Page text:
Passover celebrates the exodus of the Israelite slaves from Egypt. The Jewish people were in a rush to leave, and there wasn’t enough time for their bread to rise. The result was a flat cracker called matzah, and this unleavened bread is eaten for eight days. The holiday begins with a festive meal called a seder during which the Passover story is read from a book called the haggadah. Children play a key role–they get to ask the Four Questions and search for the hidden matzah known as the afikomen. By adding special touches to this meaningful holiday, make Passover 2014 one to remember.
From Matzah Balls to Macaroons
Start by downloading a checklist such as the one from RealSimple.com. Next, plan your menu. For twists on traditional dishes, check out Gail Simmons’ favorites on FoodandWine.com and Passover picks from Epicurious.com and food blog The Shiksa in the Kitchen. You also can’t go wrong with Ina Garten’s matzo balls and Mark Bittman’s macaroons. For kid-friendly snacking, supply platters of cut up veggies with dip (try Weelicious.com’s “veg-wee-dip), deviled eggs (try “Heavenly Eggs” from Delish.com), and Mayim Bialik’s mini potato kugels for the meal.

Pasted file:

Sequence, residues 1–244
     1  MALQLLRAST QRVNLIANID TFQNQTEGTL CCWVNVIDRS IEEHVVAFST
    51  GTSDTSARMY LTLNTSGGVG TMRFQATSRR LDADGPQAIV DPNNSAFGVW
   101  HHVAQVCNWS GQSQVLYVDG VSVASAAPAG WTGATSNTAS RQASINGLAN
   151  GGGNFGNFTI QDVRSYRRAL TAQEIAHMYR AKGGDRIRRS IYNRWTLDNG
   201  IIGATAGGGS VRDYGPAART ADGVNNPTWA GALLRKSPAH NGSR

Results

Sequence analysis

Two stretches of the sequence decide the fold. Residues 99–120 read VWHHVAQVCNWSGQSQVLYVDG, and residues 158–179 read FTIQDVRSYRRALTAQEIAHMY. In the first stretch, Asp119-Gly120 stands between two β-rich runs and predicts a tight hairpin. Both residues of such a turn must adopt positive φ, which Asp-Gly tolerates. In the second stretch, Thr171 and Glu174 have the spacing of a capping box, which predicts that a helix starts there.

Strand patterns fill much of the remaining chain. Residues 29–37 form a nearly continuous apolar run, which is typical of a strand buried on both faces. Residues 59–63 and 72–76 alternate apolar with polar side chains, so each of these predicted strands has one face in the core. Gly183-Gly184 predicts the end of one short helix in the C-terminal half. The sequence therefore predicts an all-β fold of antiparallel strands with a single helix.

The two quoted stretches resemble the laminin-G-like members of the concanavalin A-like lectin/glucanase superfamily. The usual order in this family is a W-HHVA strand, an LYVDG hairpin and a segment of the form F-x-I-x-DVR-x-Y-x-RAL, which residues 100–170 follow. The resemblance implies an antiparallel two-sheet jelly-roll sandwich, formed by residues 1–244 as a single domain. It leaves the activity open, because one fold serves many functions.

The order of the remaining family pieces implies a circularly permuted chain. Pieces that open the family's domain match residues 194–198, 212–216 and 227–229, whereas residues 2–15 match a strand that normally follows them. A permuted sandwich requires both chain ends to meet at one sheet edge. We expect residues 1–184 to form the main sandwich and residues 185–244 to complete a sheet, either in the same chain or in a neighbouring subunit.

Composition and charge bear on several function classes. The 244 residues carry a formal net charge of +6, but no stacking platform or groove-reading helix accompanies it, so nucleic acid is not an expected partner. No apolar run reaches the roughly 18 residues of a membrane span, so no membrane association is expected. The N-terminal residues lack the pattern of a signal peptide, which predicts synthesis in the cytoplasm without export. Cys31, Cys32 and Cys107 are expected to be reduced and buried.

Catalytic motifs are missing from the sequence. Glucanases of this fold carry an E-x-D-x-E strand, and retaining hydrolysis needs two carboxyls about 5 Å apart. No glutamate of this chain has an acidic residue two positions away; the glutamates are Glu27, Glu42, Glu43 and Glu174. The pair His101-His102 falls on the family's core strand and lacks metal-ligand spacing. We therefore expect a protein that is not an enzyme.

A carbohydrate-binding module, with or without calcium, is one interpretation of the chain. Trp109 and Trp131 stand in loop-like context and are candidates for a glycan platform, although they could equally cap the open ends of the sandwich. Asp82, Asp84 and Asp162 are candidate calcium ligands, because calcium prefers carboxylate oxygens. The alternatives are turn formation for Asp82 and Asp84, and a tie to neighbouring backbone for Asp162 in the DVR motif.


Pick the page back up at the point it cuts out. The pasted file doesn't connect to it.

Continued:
Setting the Scene
Small bouquets of seasonal flowers will create a springlike setting for your Passover table. Martha Stewart’s suggestion of putting the symbolic foods–hard boiled egg, parsley, and salt water–on each person’s plate is both practical and attractive. In order for all guests to easily see the seder plate, elevate it on a cake stand. Instead of traditional place cards, try your hand at making Martha Stewart’s bookmark ones; it doubles as a place holder for the haggadah and it’s a great way to get your kids involved.
Cater to the Kids
If you have a number of younger guests, you will probably need to start your seder early and keep it relatively short. You may want to use a children’s haggadah such as Sammy Spider’s First Haggadah, which does a nice job of engaging both adults and little ones. Also, create a goody “bag of plagues” containing treats and toys that represent each one of the 10 plagues. The kids will love having new stuff to play with at the table. Finally, don’t forget presents for finding the afikomen – stickers, coloring books, trinkets from the Target Dollar Spot, and even cash are great options. After all the planning, make sure to you take time to enjoy your company and a glass (or four) of good kosher wine. Happy Passover!